One of my contacts, Sherry is from Australia and one thing she told me was that the biggest change in early childhood education is the implementation of a national curriculum framework called The Early Years Learning Framework for Australia which they haven’t had until recently. Read about it here.
It specifically states that children should be taught through play. “The principles of early childhood pedagogy underpin practice. Educators draw on a rich repertoire of pedagogical practices to promote children’s learning by (amongst eight other points) planning and implementing through play.” (EYLF, 2009, p.14)
This means that the activities should be child oriented and initiated, not
Sherry stated, “Another issue in Australia is that the Federal Government has legislated that every child in the year before they attend school must have access to 15 hours of preschool per week (it is called Universal Access). As up until now children have had 10 hours, it is a big change to staffing, programming and timetabling.
Also the Government is bringing in the National Quality Standard which is divided into seven areas that contribute to the quality of early childhood education and care. These areas have been identified by research and are:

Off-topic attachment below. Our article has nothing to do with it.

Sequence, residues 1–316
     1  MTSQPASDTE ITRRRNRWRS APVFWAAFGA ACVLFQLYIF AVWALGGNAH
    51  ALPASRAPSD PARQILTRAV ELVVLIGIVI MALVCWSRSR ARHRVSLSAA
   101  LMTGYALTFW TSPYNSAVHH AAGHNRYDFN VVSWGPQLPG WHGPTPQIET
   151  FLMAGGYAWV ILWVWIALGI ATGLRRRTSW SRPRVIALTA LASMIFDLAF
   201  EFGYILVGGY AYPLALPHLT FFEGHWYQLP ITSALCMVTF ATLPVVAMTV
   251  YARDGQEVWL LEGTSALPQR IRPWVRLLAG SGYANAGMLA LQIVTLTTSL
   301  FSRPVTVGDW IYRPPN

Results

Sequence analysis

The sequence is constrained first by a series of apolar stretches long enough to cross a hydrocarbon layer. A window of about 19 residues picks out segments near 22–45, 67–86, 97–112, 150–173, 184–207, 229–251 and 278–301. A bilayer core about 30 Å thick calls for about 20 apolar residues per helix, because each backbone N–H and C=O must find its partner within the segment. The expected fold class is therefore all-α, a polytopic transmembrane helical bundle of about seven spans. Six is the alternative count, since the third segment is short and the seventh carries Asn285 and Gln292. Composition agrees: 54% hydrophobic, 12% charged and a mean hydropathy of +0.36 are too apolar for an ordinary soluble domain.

1.Educational program and practice
2.Children’s health and safety
4.Staffing arrangements (including the number of staff looking after children)
5.Relationships with children
6.Collaborative partnerships with families and communities
7.Leadership and service management
For the first time there will be consistency all across Australia in the Early Childhood sector.”
My contact Kierna from Northern Ireland also gave me an overview of their educational system.
She blogged about it here.
She said one difference between Northern Ireland and the US is that children start compulsory schooling at the age of four instead of five. They call it Primary 1 and she mentioned that it has become less formal over the years. Children now have more play based experiences, but they are still learning to read and write at a very young age. Kierna teaches in a nursery program for children ages three and four. It is not compulsory like Primary 1, but it is free. Kierna said that nursery teachers have to have a teaching qualification which allows them to teach children of any age in elementary school. She gives her class a lot of outdoor time and play based experiences. However, that is not the norm in Northern Ireland. There are classes that do not go out everyday or even have a good outdoor space. Kierna’s practice has been the most influenced by her experiences in Norway.
She discusses her experiences in European settings here.
She told me that the French and Polish settings were generally more formal and that she prefers the Scandinavian models.
Click here for part 2.
"The Makers Of Men"
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